SAP Skill AssessmentsAre you a competitive and ambitious professional looking for ways to constantly test your knowledge of SAP? The chances are strong that you are, especially if you’ve already earned an SAP certification.

But earning your initial certification is one thing. It’s an entirely different concept to continue to learn, improve, and grow, particularly when it comes to advancing your specialty in SAP.

So what can you do? How can you test yourself to understand where you need to direct your energy next so that you can advance your knowledge of SAP?

That is where SAP skill assessments come in. Here’s everything you need to know about them.

 

Why Take an SAP Assessment?

The main reason to take an SAP assessment is to understand what you know and discover what you don’t know. This is the primary goal of any assessment, even the ones that you start taking in grade school.

Assessments as a concept help test-takers understand the areas of their current excellence and other areas where they may fall short.

Often, test-takers associate pride with doing well on a test and shame with doing poorly. However, this dichotomy isn’t necessarily accurate.

Certainly, you should be proud of yourself for doing well on an assessment.

However, doing poorly on an assessment should also elicit some sense of pride. This is not necessarily a “failure.” Instead, it’s a laundry list of opportunities that you have to continue growing, some of which may overlap or synergize with one another in ways that can help accelerate your career.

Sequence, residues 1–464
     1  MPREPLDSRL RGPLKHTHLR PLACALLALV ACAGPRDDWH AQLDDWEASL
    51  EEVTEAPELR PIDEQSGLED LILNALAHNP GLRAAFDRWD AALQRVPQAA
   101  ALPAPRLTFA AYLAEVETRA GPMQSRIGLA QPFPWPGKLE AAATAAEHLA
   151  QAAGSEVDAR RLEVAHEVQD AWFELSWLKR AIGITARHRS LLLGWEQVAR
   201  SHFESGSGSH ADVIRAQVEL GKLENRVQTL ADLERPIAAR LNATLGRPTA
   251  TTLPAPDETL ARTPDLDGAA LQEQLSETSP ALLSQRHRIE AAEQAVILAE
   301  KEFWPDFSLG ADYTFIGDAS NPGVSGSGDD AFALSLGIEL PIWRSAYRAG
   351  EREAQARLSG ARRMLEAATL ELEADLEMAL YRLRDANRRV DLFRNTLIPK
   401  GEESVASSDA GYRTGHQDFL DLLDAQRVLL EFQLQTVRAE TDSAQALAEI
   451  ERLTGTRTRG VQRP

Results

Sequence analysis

Even so, you may not have a strong idea about where your SAP skills fall in either category at this time. If that’s the case for you, then taking an SAP assessment does more than just give you results. It shows you an established baseline of what you know and where you need to grow.

Then, you can take an assessment later to see how much you’ve improved in quantifiable terms.

With this in mind, what does an SAP assessment actually entail?

 

What Does an SAP Assessment Entail?

Every SAP assessment is different. Even assessments from the same provider may vary to some degree, whether that be subject area, question quantity, or perhaps even pass/fail ratios.

Generally speaking, you can expect SAP assessments to include a theory portion, a practical portion, or both.

The theory portion asks questions that you will have to actively recall in order to answer. This could be in the form of multiple-choice, short answer, or perhaps even essay questions, depending on the provider.

Practical questions may require you to show some level of proficiency in SAP, often within a closed instance that is used exclusively for testing and not a “live” interface.

The theory portion is designed to resemble something similar to a job interview, where you may be answering questions about a specific segment of SAP to ensure you’re proficient enough for a position.

The practical question will resemble more of a “day in the office” with different tasks and instructions that you have to complete in the software itself.